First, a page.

On 21 April 2021, the European Commission published its proposal for a new EU Corporate Sustainable Reporting Directive (CSRD) (formerly non-financial reporting directive –NFRD). In a joint public statement, Germanwatch and other NGOs associated with the Alliance for Corporate Transparency welcome many aspects of the proposal, including the development of mandatory sector-specific EU sustainability reporting standards.
However, there is a need for improvement in the specification of how companies report on their forward-looking decarbonisation targets and how these meet the Paris climate goal of limiting global warming to 1.5 degrees Celsius.
Christoph Bals, Policy Director Germanwatch:
“For the financial market to unleash its transformative potential for the real economy, effective regulation and incentives are needed. This includes in particular binding reporting and fiduciary duty obligations for the entire supply chain in line with the 1.5°C limit of the Paris Agreement and with human rights obligations. Germany and EU regulators need to ensure that the information reported by companies is clear enough for interested stakeholders to understand how businesses identify and manage their impacts on environmental and social impacts."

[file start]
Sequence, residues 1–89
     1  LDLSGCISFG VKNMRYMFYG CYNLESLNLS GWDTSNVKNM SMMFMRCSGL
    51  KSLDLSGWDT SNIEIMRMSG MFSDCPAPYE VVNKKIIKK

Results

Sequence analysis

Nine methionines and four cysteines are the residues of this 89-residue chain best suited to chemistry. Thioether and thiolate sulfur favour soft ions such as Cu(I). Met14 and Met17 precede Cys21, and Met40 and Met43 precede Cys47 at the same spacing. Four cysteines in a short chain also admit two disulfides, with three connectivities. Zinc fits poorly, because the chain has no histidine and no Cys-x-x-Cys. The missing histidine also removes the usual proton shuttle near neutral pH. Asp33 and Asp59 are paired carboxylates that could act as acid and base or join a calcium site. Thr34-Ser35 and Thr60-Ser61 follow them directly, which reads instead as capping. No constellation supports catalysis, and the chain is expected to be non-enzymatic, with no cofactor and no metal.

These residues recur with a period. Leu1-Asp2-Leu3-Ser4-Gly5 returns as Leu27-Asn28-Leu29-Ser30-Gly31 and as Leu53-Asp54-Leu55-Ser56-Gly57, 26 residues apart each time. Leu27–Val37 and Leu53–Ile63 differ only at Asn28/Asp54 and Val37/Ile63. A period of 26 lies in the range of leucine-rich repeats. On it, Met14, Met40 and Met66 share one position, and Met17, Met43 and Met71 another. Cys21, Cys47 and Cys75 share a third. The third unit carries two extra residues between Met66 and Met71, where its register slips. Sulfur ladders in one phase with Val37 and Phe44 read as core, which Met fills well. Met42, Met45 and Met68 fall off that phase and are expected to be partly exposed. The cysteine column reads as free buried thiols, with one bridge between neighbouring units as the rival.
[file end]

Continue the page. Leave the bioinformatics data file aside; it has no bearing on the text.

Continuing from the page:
On the Corporate Sustainability Reporting Directive (NFRD reform) proposal: most promising changes and caveats
As NGOs working on sustainable corporate transparency and responsibility, we have been supportive of the EU Commission’s plans to reform the EU Non-Financial Reporting Directive (NFRD) and the development of mandatory European sustainability standards.
The European Commission has presented its legislative proposal for a Directive as regards sustainability disclosures by certain companies.
The proposal presents several major improvements which are essential to help companies focus and report on meaningful information and channel finance to activities and projects needed to meet the objectives of the European Green Deal and make the European economy sustainable.